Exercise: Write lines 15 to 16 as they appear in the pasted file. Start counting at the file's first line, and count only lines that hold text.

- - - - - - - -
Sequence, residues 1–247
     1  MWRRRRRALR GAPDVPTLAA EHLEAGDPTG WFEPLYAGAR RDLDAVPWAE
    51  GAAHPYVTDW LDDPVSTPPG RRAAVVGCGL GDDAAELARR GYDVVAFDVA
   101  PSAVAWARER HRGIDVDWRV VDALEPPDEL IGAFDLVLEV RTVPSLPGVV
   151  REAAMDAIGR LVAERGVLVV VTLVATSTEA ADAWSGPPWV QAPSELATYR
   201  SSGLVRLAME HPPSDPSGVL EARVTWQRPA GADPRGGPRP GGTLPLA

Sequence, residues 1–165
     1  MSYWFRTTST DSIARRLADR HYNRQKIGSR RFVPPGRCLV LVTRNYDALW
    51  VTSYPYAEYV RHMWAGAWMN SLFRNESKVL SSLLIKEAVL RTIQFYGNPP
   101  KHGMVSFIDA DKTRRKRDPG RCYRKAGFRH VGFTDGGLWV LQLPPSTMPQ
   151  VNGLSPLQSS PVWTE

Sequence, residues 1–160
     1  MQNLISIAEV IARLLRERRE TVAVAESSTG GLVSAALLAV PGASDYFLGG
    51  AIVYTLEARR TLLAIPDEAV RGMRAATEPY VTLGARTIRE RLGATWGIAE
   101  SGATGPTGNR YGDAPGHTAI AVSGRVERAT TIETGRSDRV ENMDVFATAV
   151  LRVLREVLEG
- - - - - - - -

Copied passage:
   101  SGATGPTGNR YGDAPGHTAI AVSGRVERAT TIETGRSDRV ENMDVFATAV
   151  LRVLREVLEG